7. Since PotD enemies get +2 PEN and +2 AC on top of reworked encounters, I was hoping we could get the same (but at a reduced effect) for Veteran. While the reworked encounters in Veteran are quite a bit better than what they used to be, it feels as if the modals on weapons, pen- or AC-increasing abilities and other pen-AC related mechanics are a bit useless in Veteran. I would recommend either a game-wide +1Pen & +1 AC buff for enemies in Veteran, or otherwise a selection of +1/+2 AC or +1/+2 PEN for some enemies. I think a good niche for Veteran in the game is as the difficulty level where most mechanics in the game needs to be exploited (including Pen/AC system, but also consumables, empower, etc.) but without absolute min/maxing, meta-gaming, cheesing or unforgiving character building required - all of these latter aspects I feel fit in nicely with the (eventual) difficulty level of PotD. While Veteran has definitely increased in difficulty in the beta relative to release (specifically in the early game - hoping the devs will continue the trend for the later game), and it is definitely necessary to employ better tactics, consumables, resting bonuses and whatnot, the AC/PEN system feels mostly forgettable except for specific high-AC enemies.
  8. NP. I have to mention though - the enemies get a +2 Pen & +2 AC bonus on PoTD, but nothing on veteran. As a result, penetration and armour is much bigger of a worry in PotD than in Veteran, and abilities that provide additional armour (as well as heavy armour itself) makes a massive difference in Veteran, whereas abilities (and esp. modals) that give penetration is not that big of a deal. I will suggest on the beta feedback thread that enemies in Veteran get at least a +1 pen and +1 AC, or one of either +2 pen or +2 AC (as opposed to both in PotD).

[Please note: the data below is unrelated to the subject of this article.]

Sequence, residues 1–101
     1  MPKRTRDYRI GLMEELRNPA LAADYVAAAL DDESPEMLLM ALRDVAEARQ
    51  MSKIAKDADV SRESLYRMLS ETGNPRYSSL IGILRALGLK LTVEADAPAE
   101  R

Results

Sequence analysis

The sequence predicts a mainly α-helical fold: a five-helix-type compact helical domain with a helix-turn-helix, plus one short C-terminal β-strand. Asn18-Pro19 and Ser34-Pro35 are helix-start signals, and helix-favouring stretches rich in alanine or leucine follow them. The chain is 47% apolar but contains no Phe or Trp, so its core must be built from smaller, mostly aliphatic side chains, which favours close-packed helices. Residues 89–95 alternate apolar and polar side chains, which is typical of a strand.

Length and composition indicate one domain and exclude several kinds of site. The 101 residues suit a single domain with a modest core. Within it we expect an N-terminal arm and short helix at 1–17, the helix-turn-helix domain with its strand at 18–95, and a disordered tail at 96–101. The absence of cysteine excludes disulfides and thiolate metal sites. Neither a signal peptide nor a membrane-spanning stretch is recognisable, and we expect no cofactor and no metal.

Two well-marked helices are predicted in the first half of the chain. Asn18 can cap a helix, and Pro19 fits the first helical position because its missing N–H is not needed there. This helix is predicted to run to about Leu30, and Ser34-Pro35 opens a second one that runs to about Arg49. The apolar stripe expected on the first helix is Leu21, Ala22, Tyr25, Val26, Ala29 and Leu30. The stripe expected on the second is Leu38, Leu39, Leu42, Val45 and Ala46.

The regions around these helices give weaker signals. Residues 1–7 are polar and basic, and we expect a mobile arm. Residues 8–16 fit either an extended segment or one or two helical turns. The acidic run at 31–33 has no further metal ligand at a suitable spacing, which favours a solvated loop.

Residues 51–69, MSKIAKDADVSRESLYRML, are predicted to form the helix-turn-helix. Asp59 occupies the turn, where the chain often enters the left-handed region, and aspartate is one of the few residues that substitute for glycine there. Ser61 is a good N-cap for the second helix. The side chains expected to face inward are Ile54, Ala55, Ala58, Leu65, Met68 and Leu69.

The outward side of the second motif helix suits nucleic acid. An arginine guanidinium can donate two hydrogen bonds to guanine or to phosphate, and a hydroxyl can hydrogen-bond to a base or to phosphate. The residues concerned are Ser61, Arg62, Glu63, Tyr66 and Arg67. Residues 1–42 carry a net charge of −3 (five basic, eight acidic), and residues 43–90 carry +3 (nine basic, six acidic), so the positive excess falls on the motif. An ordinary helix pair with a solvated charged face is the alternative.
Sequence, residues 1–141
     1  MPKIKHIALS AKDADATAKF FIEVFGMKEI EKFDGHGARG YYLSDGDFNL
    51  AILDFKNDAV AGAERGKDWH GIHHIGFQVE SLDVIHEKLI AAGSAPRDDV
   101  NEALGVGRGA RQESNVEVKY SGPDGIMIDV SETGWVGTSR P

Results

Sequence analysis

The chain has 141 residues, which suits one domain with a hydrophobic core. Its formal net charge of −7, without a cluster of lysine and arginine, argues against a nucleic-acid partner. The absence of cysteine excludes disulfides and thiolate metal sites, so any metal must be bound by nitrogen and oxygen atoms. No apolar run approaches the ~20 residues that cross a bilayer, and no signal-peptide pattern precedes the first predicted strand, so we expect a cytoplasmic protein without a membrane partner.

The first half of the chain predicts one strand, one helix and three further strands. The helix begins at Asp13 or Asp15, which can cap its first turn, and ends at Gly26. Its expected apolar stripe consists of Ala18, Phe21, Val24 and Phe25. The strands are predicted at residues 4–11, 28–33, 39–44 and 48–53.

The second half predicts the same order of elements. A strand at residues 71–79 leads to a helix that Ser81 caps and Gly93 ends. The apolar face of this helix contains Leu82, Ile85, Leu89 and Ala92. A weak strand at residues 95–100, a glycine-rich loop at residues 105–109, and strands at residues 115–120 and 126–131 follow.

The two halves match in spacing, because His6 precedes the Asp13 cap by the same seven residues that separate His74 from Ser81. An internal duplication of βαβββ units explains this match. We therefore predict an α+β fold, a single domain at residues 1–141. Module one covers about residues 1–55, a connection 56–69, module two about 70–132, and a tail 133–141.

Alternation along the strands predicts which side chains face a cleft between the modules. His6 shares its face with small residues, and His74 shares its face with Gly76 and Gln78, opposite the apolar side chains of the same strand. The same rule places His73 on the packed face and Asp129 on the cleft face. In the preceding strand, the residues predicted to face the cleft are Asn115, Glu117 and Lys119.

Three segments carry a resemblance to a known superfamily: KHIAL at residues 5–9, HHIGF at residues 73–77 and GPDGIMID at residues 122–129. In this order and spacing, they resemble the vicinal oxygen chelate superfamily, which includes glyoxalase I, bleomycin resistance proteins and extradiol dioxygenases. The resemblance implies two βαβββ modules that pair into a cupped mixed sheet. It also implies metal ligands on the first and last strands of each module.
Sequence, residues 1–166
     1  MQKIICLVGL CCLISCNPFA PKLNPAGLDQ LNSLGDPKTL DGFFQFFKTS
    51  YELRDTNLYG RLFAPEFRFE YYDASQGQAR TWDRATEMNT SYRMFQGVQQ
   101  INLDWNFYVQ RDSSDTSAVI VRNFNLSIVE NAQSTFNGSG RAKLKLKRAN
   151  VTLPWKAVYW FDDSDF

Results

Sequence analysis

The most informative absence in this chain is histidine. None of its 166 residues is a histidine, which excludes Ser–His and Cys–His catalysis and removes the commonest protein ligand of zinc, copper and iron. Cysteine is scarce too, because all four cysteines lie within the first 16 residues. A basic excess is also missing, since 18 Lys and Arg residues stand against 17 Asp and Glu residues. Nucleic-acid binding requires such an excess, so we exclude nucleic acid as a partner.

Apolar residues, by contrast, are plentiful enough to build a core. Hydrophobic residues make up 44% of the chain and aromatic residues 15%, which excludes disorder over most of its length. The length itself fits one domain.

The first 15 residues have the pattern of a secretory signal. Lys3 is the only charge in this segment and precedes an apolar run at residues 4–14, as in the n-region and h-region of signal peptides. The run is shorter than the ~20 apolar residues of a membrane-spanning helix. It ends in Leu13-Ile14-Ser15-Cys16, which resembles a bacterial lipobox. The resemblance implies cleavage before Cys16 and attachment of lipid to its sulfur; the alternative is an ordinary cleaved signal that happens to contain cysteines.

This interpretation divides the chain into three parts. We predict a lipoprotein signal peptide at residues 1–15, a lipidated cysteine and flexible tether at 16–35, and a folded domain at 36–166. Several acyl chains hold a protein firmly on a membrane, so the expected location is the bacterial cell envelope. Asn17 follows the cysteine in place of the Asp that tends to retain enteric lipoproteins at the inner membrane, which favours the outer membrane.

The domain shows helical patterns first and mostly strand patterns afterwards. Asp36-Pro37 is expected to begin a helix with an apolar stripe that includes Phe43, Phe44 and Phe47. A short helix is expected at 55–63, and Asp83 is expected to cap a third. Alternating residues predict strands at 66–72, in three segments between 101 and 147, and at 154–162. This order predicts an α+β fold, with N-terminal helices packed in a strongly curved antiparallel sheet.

9. It seems like you cannot change to PotD from Veteran, but it does seem like you can change level scaling. I started with level scaling set to all, but I can change it to off or critical path only in game. I haven't tested whether this actually has an effect, though. I might do so at a later stage. At the very least, the level indicators for quests and enemies whilst using level scaling has been fixed! As to the difficulty level of PoTD and Veteran. I've played the starter island on both difficulties, pre- and post patch. Both difficulties have been increased, quite tremendously, for the starter island. On PoTD, it is necessary to employ additional measures to finish the island, such as hiring a merc (cipher), or some other (such as specific use of Berath's blessings, buying specific scrolls etc.) After finishing the island on PoTD, I restarted on Veteran as the difficulty of PoTD for the starter island was slightly above with what I feel comfortable - I like it to be difficult enough to warrant a reload and change of tactics upon party wipe, but not enough to respec/hire additional party members and tailor my party for the difficult encounters. The increased Veteran difficulty, for the starter island, hits this sweet spot - difficult enough that careful thinking is necessary and use of consumables are generally required (depending on MC build), but not so crazy as to require meta knowledge and whatnot. In this regard, the Veteran and PoTD difficulties satisfy their respective niches. As to the difficulty beyond the starter island - we'll see. I have strong doubts, as the XP gain on the starter island already felt quite large (and unchanged from the previous build). Therefore I expect a massive XP bloat again during/after Neketaka, and unless (i) level scaling is well-implemented (probably not) or (ii) you do the least amount of side-quests required, I expect the rest of the game will again start becoming much easier. That said, based on their work on the starter island (as a result of feedback from the community) I have hope that they can use these changes as a template for most portions of the rest of the game.